What do other Europeans call Switzerland?

September 1, 2011, 11 Comments

Schweiz, Suisse, Svizzera, Svizra. Switzerland has four names in its four national languages, and that’s not counting the domestic versions of the country’s official name, Confoederatio Helvetica (pictured above). But how do other European nations refer to the land of the Swiss? I decided to take a look at the names used for Switzerland in different European languages – book research really can take you off in odd directions! – and compiled a list:

  • Albanian          Zvicer                               
  • Basque              Suitza                               
  • Bulgarian         Швейцария (Švejcàrija)         
  • Catalan             Suïssa                              
  • Croatian           Švicarska                        
  • Czech                 Švýcarsko                       
  • Danish               Schweiz                           
  • Dutch                 Zwitserland                    
  • Esperanto         Svislando                        
  • Estonian            Šveits                                
  • Finnish              Sveitsi                               
  • Greek                  Eλβετία                             
  • Hungarian        Svájc                                 
  • Icelandic           Sviss                                 
  • Irish                    An Eilvéis
  • Latvian              Šveice
  • Lithuanian       Šveicarija
  • Maltese             Żvizzera
  • Norwegian       Sveits
  • Polish                 Szwajcaria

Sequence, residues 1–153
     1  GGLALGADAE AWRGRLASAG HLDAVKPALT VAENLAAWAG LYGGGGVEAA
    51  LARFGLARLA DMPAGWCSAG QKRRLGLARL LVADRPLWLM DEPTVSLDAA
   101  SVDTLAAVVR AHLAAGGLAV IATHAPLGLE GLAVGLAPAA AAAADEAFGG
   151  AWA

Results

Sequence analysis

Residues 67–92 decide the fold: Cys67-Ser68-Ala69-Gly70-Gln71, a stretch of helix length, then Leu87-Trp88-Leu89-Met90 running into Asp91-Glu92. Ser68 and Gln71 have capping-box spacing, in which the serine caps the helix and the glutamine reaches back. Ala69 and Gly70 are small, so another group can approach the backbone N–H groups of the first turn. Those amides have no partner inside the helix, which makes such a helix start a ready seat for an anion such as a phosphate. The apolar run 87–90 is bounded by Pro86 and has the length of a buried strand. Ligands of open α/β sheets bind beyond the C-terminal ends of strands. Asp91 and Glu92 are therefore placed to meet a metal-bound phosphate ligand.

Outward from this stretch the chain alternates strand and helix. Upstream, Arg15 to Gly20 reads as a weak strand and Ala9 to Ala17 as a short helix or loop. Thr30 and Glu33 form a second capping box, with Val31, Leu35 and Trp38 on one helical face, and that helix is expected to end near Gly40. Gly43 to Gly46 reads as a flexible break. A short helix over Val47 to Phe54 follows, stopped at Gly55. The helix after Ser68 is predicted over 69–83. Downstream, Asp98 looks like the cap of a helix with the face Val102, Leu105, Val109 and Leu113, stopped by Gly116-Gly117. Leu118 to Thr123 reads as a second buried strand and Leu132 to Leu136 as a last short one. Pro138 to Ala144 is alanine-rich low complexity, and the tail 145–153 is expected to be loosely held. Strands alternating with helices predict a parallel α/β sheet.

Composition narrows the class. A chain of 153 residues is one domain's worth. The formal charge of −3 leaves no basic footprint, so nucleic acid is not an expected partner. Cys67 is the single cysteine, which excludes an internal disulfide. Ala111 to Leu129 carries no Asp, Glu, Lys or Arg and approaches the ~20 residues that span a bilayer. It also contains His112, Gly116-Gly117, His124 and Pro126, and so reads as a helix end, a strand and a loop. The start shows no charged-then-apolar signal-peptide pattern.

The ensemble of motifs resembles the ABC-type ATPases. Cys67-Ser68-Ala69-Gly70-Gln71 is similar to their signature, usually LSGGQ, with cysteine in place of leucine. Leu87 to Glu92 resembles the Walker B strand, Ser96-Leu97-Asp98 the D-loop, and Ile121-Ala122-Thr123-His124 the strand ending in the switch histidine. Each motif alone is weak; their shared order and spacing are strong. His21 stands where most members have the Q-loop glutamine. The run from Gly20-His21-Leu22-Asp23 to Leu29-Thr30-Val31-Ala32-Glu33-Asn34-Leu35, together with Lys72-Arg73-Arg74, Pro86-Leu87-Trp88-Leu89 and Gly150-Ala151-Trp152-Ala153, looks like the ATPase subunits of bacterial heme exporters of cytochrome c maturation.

• Portuguese      Suíça
  • Romanian        Elveția
  • Russian             Швейцария (Švejcàrija)
  • Slovenian        Švica
  • Serbian             Швајцарска (Švajcarska)
  • Spanish            Suiza
  • Swedish           Schweiz
  •  Turkish           İsviçre
  • Welsh                Swistir

What’s interesting about that list is that only three European languages  – Greek, Irish (Gaelic) and Romanian – use a version of the ancient name, Helvetia. All the others are more or less recognisable as variations on the domestic German, French, Italian or Romansh, ie all roughly derived from Schwyz, the canton that helped start the country and gave it its modern name. Please tell me if any are wrong; I had to use quite a few different sources to assemble the names, so mistakes may have crept in!

If we look at Switzerland’s biggest neighbour, we see a completely different picture. Germany has six different types of name, depending on the root. For example, in its own language it is Deutschland , in French Allemagne, in Italian Germania, in Polish Niemcy, in Finnish Saksa and in Lithuanian Vokietija. What a muddle! It might be at the heart of Europe, but Germany is certainly not the same thing to different European nations. Perhaps that explains much of 20th-century history in Europe?

This uniformity of names might just be one reason why Switzerland has such a prominent place in people’s minds; there’s no misunderstanding where is being talked about. And when it comes to adjectives, the English one is gaining prominence over the domestic languages in Switzerland. Maybe English is trendy for marketing, maybe it’s easier to have one adjective rather than four, or maybe English is slowly becoming the fifth (unofficial) language and the main one spoken across the linguistic divides.